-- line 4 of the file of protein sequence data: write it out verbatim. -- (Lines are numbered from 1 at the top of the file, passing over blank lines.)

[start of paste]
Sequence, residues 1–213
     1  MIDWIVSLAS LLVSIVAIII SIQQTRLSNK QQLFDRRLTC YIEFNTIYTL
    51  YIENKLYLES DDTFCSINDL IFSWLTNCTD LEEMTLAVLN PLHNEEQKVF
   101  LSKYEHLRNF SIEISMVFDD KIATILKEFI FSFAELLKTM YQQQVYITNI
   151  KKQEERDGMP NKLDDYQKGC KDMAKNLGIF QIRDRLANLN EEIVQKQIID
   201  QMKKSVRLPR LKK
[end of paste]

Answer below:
   101  LSKYEHLRNF SIEISMVFDD KIATILKEFI FSFAELLKTM YQQQVYITNI